The name, street address and signature of the corporation’s statutory agent
The name and address of each person who is to serve as a board of director until a successor is elected or qualifies
The street address of the known place of business for the corporation
Whether or not the corporation will have member
List the key benefits of obtaining a 501(c)(3) status
Exempt from fed income taxes
Donations can be deducted
People wouldn’t otherwise donate if they couldn’t get deduction
Indicates minimum amount of accountability
May self-insure for complying with unemployment compensation laws
Exempt from certain state taxes
What information of a nonprofit organization is subject to public discourse?
Financial information (1099)
The organization’s exemption application
The organaization’s approved application with supporting documentation & any letter/document issued by the IRS concerning the application
Three most recent annual tax returns (Form 990, Form 990-EZ, Form 990-PF, etc.)
Donors (name, address) to private foundations and political organizations are subject to public inspection
What additional information is needed to form a membership nonprofit in AZ?
Criteria for admission of members
Continuation of membership
Rights and obligations of members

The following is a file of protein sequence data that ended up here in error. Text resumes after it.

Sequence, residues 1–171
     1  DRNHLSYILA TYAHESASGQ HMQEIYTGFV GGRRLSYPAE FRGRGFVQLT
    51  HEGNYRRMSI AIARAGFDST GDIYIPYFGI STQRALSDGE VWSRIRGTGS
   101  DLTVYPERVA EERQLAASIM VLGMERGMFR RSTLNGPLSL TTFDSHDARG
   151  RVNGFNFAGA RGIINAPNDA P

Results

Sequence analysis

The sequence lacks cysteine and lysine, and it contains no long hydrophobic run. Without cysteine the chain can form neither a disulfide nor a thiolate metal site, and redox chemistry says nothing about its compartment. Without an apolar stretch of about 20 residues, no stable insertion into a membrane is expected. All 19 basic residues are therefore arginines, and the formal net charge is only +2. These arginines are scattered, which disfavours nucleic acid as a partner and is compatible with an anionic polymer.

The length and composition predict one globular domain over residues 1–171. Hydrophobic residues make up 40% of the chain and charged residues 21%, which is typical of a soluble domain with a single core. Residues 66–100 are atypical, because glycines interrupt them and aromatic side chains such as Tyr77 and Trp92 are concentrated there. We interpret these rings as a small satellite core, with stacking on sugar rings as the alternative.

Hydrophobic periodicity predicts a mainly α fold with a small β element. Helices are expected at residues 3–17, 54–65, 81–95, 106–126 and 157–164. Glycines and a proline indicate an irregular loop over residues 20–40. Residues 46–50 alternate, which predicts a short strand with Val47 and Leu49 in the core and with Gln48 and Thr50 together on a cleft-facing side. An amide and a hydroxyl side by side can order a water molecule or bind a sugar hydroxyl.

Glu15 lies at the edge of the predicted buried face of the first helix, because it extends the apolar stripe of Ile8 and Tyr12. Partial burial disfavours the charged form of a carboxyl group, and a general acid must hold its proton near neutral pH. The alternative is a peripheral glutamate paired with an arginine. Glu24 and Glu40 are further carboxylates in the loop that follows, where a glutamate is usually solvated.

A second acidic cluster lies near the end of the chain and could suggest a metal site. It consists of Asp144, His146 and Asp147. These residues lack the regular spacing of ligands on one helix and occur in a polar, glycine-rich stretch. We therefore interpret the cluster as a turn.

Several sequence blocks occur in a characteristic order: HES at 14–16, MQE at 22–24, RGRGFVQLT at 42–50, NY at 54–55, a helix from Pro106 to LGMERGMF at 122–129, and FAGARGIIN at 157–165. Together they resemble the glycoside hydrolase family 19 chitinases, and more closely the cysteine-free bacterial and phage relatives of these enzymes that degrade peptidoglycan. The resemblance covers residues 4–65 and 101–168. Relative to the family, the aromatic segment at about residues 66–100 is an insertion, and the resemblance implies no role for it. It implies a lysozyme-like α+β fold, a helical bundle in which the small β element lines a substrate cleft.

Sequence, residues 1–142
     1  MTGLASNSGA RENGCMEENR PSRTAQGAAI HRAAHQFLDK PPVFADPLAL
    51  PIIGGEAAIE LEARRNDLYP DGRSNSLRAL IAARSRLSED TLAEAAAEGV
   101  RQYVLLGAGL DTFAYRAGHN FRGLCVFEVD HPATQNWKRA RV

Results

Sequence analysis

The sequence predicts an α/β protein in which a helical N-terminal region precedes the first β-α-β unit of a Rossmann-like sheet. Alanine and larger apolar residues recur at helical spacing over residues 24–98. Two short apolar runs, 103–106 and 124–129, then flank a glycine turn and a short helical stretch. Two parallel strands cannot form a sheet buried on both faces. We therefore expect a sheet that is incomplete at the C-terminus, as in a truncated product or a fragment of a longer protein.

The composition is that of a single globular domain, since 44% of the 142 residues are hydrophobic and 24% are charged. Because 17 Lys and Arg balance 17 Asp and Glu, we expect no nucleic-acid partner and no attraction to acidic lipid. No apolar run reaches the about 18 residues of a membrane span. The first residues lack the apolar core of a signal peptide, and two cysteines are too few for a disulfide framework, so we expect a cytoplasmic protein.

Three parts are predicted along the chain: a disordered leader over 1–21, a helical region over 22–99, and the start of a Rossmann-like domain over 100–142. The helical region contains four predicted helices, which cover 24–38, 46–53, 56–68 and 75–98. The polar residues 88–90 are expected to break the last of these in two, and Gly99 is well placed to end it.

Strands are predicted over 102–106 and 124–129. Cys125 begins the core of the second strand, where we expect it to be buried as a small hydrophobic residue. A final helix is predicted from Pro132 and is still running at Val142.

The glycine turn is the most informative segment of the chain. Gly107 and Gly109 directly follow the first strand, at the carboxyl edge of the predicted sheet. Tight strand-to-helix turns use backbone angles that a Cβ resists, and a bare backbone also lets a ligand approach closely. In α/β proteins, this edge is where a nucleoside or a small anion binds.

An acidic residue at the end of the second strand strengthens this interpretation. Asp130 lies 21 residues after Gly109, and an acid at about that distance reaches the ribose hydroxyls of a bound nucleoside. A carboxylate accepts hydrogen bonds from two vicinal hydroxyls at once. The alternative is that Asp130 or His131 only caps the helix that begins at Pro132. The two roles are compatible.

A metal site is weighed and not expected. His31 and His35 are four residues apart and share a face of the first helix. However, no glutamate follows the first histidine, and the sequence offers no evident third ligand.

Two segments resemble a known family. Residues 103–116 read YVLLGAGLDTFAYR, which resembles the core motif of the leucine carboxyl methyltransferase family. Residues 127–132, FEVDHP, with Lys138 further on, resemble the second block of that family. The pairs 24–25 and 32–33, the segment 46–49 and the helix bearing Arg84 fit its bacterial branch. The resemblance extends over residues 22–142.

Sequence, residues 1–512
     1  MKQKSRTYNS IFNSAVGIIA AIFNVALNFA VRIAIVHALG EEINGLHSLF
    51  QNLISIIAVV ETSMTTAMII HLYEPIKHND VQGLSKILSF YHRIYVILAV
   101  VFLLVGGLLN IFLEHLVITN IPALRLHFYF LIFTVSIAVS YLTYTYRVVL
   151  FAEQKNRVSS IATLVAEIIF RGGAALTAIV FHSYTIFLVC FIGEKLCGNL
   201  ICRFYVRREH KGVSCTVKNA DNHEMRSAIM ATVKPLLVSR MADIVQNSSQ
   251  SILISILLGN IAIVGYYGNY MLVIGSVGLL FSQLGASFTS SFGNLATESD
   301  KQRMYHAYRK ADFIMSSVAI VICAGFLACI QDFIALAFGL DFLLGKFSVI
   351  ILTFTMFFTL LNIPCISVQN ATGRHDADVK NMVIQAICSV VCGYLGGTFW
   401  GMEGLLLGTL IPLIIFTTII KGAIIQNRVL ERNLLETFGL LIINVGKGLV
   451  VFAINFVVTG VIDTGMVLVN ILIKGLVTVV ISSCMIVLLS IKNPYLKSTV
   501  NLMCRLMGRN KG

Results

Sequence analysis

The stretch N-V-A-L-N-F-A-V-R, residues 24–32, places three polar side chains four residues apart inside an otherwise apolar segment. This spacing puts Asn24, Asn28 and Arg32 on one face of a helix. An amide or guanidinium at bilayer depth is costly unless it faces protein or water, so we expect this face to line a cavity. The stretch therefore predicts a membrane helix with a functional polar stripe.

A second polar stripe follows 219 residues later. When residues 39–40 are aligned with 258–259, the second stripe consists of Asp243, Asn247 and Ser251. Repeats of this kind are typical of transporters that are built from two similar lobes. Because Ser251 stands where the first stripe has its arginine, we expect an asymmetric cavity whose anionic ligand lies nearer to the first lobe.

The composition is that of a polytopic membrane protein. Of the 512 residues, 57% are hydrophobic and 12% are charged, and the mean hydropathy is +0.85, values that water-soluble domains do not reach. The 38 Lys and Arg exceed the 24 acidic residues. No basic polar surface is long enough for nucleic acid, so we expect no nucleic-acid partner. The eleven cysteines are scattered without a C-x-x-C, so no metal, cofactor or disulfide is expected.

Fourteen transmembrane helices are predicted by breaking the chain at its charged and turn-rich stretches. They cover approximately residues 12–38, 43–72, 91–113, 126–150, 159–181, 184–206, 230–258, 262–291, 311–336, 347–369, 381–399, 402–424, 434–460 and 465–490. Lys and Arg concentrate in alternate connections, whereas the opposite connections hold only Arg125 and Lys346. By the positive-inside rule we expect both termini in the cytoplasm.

Annual membership meetings
Must notify members of time and date of meeting at least 10 days but no more than 60 days before meeting
Members are not personally liable for the acts, debts, liabilities or obligations of the corporation.
Compare and contrast nonprofit and for-profit boards
- Size: 30-50 people
- Composition: community leaders, public servants make up the board
- Degree of dissension: more common in nonprofit HR
Level of operating function: usually more broad for Nonprofit HR
What are the main responsibilities of board members?
- 1. Select and evaluate the Chief Executive Officer
- 2. Define and reevaluate the mission of the organization
- 3. Develop a plan for the organization
- 4. Approve budgets
- 5. Fundraising and planning special events
- 6. Public Relations within the community
List up to three indicators we can use to measure board effectiveness.
- Understands institutional context
- Builds capacity for learning
- Nurtures the board itself
- Recognizes complexities, respects process and is future oriented.
- The existence of a common vision. (pg. 85 OSTER)
List the pros and cons of charging fees
- May give bad image
- Can discourage people a way to generate revenue/make the program sustainable
- more diversification of funding sources beyond just searching for grant
Why should a nonprofit organization diversify its revenue sources?
Changes in the environment